Seth P, Walker T, Hollis N, Figueroa A, Belcher L.
Original Article: 1.usa.gov/1ACKkqX
In the United States, approximately 1.2 million persons are living with human immunodeficiency virus (HIV), of whom approximately 14.0% have not received a diagnosis. Some groups are disproportionately affected by HIV, such as persons who self-identify as blacks or African Americans (in this report referred to as blacks). Blacks accounted for 12.0% of the United States’ population but accounted for 41.0% of persons living with HIV in 2011. HIV testing is critical to identify those who are infected and link them to HIV medical care for their own health and to reduce transmission to partners. To assess progress toward increasing HIV testing and service delivery among blacks in 2013, CDC analyzed national-level program data submitted by 61 health departments and 151 directly funded community-based organizations through the National HIV Prevention Program Monitoring and Evaluation system. This report describes the results of that analysis, which found that, in 2013, blacks accounted for 45.0% of CDC-funded HIV testing events (TEs) and more than half (54.9%) of all newly identified HIV-positive persons (in this report referred to as new positives). Among blacks, gay, bisexual, and other men who have sex with men (collectively referred to as MSM) had the highest percentage of new positives (9.6%). Broader implementation of routine HIV screening and HIV testing targeted towards populations at high risk can help identify persons with undiagnosed HIV infection and link these persons to HIV medical care and prevention services. Linkage to medical care and referrals to HIV partner services and HIV prevention services among blacks could be improved.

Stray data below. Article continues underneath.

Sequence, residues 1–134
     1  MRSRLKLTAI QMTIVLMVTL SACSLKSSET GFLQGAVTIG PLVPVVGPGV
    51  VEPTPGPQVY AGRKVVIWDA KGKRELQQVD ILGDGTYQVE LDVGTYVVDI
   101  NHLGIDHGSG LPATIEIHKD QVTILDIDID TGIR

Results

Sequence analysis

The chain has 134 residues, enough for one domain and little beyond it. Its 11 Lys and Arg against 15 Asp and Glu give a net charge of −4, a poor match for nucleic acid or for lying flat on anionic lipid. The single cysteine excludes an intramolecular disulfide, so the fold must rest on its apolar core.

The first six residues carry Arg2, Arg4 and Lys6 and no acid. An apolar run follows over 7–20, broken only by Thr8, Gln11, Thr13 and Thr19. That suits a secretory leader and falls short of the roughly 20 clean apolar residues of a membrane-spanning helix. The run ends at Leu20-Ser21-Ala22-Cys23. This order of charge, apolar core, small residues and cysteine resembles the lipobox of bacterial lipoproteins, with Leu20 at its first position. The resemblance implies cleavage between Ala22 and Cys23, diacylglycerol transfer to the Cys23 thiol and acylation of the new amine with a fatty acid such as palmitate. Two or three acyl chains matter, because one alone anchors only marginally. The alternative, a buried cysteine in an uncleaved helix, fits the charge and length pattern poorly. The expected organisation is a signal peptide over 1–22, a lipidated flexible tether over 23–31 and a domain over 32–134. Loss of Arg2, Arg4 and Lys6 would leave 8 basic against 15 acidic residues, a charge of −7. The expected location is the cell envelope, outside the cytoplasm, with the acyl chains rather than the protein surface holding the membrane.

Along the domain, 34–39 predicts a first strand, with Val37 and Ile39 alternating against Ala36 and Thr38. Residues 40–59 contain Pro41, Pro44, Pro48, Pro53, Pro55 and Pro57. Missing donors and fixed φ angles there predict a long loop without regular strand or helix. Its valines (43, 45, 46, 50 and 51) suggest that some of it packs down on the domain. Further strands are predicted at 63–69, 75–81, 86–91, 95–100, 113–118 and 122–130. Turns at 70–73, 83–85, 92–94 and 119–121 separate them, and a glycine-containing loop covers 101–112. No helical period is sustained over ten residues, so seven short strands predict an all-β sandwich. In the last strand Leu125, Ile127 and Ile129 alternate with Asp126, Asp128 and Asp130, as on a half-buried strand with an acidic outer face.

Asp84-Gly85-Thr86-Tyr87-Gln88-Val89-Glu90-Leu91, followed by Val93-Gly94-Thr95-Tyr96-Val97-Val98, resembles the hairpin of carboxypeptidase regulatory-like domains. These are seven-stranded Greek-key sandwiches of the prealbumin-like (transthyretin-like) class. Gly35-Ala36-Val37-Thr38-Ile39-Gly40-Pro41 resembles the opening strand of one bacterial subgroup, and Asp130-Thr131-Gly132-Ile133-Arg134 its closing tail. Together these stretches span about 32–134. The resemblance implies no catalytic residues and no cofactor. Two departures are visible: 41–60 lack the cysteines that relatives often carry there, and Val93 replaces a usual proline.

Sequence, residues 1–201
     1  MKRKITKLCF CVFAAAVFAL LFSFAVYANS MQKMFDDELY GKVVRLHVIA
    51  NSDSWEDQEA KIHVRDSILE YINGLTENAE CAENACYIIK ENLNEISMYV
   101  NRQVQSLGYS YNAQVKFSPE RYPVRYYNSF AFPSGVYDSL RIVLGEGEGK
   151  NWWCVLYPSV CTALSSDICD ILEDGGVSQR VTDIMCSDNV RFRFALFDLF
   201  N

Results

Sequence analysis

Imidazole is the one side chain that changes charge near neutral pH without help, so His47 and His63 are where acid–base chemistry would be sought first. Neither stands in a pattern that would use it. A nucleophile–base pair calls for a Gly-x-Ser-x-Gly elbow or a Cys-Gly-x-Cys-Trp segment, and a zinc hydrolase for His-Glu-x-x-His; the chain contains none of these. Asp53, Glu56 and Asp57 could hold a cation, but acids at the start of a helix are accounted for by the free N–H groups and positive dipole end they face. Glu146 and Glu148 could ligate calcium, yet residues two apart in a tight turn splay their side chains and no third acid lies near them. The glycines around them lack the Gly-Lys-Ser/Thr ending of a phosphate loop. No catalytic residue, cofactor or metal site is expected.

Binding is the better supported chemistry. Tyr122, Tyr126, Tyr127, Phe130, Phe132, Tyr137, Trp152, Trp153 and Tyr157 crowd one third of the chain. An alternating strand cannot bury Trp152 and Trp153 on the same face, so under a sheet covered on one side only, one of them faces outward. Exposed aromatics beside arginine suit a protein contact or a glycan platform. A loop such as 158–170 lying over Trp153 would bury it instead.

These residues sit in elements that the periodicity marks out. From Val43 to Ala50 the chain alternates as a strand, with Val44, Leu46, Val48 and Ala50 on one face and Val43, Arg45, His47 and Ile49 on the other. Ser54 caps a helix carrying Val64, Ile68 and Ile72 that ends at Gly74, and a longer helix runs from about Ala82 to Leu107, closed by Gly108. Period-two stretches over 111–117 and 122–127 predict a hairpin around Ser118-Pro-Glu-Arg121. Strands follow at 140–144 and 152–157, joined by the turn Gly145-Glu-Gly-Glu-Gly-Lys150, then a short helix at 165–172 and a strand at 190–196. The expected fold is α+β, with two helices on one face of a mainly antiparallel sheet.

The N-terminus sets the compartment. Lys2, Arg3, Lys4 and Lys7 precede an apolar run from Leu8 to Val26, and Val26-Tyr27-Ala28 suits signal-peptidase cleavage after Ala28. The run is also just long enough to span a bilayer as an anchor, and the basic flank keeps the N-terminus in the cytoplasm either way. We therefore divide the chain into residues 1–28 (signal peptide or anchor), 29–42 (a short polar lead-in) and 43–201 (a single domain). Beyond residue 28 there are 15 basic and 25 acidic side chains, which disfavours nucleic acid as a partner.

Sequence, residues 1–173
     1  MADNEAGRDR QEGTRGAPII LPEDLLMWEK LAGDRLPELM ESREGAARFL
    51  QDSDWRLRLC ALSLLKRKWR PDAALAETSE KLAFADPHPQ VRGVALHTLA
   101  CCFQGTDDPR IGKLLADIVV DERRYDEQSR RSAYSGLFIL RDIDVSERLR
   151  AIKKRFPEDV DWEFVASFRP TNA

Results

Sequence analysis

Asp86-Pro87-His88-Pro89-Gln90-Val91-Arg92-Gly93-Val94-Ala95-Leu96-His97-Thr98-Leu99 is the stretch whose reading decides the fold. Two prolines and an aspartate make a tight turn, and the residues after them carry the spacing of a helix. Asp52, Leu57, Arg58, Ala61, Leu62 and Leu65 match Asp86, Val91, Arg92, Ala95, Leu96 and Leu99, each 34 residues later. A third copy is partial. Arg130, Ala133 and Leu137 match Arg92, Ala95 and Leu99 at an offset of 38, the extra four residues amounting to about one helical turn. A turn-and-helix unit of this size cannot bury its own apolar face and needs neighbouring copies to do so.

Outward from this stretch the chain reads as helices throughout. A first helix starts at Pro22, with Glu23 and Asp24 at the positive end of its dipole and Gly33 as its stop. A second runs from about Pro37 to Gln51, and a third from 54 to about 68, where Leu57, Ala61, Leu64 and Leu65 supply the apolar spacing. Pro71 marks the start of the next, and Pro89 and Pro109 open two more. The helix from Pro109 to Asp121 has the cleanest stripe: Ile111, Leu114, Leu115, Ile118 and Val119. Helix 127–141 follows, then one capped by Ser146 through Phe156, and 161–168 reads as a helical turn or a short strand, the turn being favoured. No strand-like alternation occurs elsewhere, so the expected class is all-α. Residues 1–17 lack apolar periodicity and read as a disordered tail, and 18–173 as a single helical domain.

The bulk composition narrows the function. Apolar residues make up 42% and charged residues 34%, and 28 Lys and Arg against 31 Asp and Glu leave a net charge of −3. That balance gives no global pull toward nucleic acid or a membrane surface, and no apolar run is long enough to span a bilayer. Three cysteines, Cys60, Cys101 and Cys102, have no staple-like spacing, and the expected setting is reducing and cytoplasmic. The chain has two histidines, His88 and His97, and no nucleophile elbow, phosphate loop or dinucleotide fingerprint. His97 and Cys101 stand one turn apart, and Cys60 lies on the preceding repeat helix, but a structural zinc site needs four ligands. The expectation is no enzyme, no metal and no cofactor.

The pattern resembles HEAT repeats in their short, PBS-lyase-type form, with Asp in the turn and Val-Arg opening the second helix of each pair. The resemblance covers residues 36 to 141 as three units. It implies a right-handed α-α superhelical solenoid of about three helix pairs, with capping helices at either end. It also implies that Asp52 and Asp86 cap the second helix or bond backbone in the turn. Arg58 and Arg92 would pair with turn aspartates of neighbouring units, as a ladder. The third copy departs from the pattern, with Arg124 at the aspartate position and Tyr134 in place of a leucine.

Full text of article available at link below: 1.usa.gov/1ACKkqX